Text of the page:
He was an artist recognized in his lifetime for uncommon talent, astonishing attention to detail, and a fascination with mythological subjects, which was aesthetically felicitous and appropriate for his Victorian upbringing.
Richard Dadd was also tragically insane, a confessed patricide, who was destined to spend the last two-thirds of his life in asylums. His story reminds us of the madness that all too often hobbles promising artists. It also touches on the revolutionary mid-19th century developments in the treatment of mental illness, for Richard Dadd was to be committed to the care of the first generation of physicians who recognized, and attempted to treat, diseases of the mind. This was a radical departure from even a decade or so earlier, when insanity was viewed as a moral failing, and treated with the utmost level of callousness and cruelty.
Dadd hailed from a well-to-do Kentish family. His talent for painting and composition was recognized from the time of his childhood, and he was accepted into the Royal Academy of Arts at an early age. His fabulous depictions of fairies and other popular supernatural motifs began receiving attention and renown, and he gained lucrative commissions for the illustration of fairy-tale books and magazines.
His illness seemed to first manifest itself when he was 25. That age, and the particulars of his psychoses, suggest he suffered from schizophrenia. That diagnosis didn’t exist then, of course; indeed, he was initially thought to be afflicted with sunstroke. He was in Egypt at the time, touring with a wealthy art patron, when he became violent and delusional, asserting that he was in communication with the god Osiris.
He was sent home to recuperate, but within months of his return he attacked his father, apparently under the delusion he was a demonic imposter, and killed him. He fled to France, where he also attacked a random tourist, but was subdued and arrested. He was extradited back to England, judged criminally insane, and committed indefinitely (in the legal vernacular of the time) “until the Queen’s pleasure be known.”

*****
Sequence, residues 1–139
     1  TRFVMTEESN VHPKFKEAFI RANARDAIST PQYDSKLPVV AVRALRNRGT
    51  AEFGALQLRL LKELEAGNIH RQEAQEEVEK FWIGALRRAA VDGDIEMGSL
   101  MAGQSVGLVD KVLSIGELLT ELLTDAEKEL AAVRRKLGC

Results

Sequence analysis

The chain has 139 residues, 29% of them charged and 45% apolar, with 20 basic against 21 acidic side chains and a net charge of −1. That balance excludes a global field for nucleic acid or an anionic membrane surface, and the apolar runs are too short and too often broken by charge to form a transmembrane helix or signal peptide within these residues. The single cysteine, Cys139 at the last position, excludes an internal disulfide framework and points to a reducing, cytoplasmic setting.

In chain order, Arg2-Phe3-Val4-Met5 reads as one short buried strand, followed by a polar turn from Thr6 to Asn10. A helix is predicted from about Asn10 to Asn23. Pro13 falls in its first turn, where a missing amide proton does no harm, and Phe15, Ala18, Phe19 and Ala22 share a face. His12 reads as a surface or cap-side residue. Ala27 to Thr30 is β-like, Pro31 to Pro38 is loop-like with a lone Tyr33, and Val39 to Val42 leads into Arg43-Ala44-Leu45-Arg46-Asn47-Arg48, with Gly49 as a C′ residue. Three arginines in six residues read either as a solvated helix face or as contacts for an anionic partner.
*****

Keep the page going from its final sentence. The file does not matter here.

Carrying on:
He was initially committed to the notorious Bethlem Royal Hospital, from which we’ve received (thanks to etymology and lazy tongues), the context-laden word, “bedlam.” Later, he was transferred to the newly created Broadmoor Asylum in Berkshire, where he was to spend the rest of his days.
Broadmoor was (and is) a most progressive facility for the treatment of mental illness. Its staff, in the mid-1800s, were naturally limited by contemporary understanding of brain pathology, yet they still endeavored to treat their charges with respect and compassion, to a degree unheard of at the time, and utterly rejected at places like Bedlam. He was permitted to paint, indeed encouraged to do so, and produced prolifically for more than 20 years. His case notes suggest he was a “tranquil” patient, whose delusions were nonetheless apparent during conversation, and were sadly to remain so until he died. He was for the majority of that time Broadmoor’s most famous patient (despite that facility also housing at least two attempted assassins of Queen Victoria), but by the 1880s he was mostly forgotten. He died in Broadmoor in 1886 of tuberculosis. He was 68.
One of the reasons Dadd’s story is available to us is the 2008 decision, by the Berkshire Record Office, to open the files of Broadmoor to researchers. A result of that decision is the remarkable 2011 book by Mark Stevens, Broadmoor Revealed – Victorian Crime and the Lunatic Asylum.
Stevens’s book is to be lauded for both its exhaustive scholarship and its fascinating readability. It tells the story of Victorian-era Broadmoor in a series of discrete yet contiguous stories–including a chapter on the life, death, and insanity of Richard Dadd. There is also a detailed examination of William Chester Minor, an American Civil-War surgeon who murdered a man in London in 1872. While in Broadmoor, Minor was to be a devoted, prolific, and widely celebrated contributor to the Oxford English Dictionary, then being compiled for its first edition.
Stevens also looks at some of the most popularly interesting episodes in Broadmoor’s history, such as all its escapes (there were a few escapees who were never to be heard from again). He also tracks the sometimes tragic stories of the “Broadmoor Babies”–children born at Broadmoor, usually to dangerously insane mothers. The fact that more than half of the women committed to Broadmoor were guilty of infanticide, meant that few of the babies were ever to spend time with their own families, and instead disappeared into the grim, Dickensian social welfare system of the time. It’s a sobering chapter.
There’s much such sobering tragedy in the story of Broadmoor, and of its residents, including Richard Dadd. It’s a tragedy that the promising career of Richard Dadd was interrupted by illness. But it’s a triumph, of sorts, that he was treated so well, and that he could spend his years in relative comfort and safety. And it’s a triumph, both of Broadmoor and of researchers like Mark Stevens, that we can today enjoy the work, and hear the tale, of Richard Dadd.